Speaking at an event inaugurating a fertilizer factory today, President Mauricio Macri claimed the worst days are over in the nation’s economic recovery and that we could look forward to better days.
“Good news [such as the inauguration of the factory] is starting to arrive. This will keep happening more and more often as time goes by. Nothing is achieved from just one day to another. We are constantly taking small steps forward. Thank you for believing,” he began.
Joined by Buenos Aires Province Governor María Eugenia Vidal, Macri went on to concede that his administration had to make a lot of tough calls to, “Get out of the crisis Argentina was going through,” but that it was all in order to get things back on track.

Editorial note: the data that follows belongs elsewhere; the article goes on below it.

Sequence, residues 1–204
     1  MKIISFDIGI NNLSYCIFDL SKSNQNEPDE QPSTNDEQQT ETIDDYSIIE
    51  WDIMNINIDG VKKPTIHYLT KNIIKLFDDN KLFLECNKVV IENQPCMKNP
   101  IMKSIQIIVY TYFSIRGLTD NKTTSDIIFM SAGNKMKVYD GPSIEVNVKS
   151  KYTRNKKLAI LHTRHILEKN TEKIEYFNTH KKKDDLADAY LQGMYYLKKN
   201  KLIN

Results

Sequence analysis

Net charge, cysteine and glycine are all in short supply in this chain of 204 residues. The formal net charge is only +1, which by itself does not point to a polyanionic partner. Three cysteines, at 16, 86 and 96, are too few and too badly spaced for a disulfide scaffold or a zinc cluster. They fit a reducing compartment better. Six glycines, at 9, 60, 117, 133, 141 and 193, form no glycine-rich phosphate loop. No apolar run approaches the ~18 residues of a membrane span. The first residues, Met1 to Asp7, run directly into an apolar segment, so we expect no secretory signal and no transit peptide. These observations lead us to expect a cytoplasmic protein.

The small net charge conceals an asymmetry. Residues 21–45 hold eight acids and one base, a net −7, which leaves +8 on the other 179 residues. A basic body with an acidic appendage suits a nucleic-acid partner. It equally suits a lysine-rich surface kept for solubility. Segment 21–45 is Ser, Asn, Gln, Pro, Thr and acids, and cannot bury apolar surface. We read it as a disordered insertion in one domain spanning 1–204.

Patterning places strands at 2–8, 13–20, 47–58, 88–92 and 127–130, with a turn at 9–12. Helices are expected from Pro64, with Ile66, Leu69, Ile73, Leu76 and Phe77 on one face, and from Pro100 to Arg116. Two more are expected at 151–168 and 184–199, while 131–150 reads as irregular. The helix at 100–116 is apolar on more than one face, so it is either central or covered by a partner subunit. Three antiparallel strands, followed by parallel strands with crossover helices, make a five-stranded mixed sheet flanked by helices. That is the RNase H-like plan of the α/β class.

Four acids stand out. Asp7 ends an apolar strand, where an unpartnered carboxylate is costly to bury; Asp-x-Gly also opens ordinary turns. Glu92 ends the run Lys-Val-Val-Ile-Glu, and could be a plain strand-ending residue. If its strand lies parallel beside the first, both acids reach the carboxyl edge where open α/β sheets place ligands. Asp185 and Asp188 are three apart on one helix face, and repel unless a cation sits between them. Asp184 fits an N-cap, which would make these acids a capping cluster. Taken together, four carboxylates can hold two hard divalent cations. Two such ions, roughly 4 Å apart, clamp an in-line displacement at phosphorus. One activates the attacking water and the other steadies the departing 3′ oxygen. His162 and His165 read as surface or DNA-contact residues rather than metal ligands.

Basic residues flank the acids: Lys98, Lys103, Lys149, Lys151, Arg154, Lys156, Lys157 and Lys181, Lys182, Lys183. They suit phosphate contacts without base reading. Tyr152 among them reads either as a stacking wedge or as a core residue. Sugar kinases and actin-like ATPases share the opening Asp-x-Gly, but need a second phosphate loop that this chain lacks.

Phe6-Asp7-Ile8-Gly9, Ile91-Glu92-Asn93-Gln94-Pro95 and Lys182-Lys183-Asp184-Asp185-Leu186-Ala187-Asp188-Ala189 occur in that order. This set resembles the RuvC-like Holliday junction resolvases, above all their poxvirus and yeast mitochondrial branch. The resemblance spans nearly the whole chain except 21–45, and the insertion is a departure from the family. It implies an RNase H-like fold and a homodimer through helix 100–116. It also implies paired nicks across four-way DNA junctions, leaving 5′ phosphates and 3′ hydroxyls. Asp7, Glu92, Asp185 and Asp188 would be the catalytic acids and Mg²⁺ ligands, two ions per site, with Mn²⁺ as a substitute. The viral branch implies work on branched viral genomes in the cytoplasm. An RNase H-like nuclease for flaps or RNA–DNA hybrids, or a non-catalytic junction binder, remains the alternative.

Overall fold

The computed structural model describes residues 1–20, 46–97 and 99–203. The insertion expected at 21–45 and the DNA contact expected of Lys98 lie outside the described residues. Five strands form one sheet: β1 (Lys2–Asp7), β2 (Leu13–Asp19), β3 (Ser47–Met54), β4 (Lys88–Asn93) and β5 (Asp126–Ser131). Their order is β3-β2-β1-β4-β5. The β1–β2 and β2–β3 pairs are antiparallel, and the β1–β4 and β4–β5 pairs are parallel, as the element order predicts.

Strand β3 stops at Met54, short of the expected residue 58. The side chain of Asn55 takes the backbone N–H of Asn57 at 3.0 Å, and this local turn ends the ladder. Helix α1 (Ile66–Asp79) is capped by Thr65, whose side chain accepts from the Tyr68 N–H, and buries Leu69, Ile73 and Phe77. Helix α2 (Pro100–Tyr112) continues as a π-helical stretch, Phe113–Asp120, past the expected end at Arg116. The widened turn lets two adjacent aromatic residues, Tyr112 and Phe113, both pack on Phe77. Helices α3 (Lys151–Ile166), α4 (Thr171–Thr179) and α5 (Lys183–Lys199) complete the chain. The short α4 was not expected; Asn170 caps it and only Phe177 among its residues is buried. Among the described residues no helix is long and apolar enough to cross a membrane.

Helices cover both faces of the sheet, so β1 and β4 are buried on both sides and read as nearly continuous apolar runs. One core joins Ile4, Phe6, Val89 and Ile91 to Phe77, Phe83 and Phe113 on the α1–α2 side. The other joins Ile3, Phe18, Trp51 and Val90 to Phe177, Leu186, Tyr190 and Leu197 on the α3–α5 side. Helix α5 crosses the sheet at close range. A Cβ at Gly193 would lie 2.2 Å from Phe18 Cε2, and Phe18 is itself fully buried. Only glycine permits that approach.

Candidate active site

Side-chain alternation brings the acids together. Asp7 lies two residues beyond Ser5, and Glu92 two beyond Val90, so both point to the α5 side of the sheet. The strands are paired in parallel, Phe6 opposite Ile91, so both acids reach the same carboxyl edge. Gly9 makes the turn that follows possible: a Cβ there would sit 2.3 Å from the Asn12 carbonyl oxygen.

“I’m always saying a lot of those [austerity] measures were hard to pass, because I know they meant Argentines had to make a big effort. That’s why we also took a lot of measures aimed at helping out those people struggling the most,” he added.
The Macri administration justifies the austerity measures it’s taken — i.e. increasing utility bills and getting rid of currency controls (leading to inflation) — by arguing it was all necessary to fix what it calls the “K [Kirchner] Inheritance,” or what it sees as the “poor” and “dismantled” State they received from the former Kirchner administration, the result of Macri and co. see as economic mismanagement, corruption, etc.
Macri also highlighted that under his administration, Argentina managed to get back to being an important player in the international markets: “The world says: ‘We need Argentina to take an active role.’ And we say: we have learned from our mistakes.”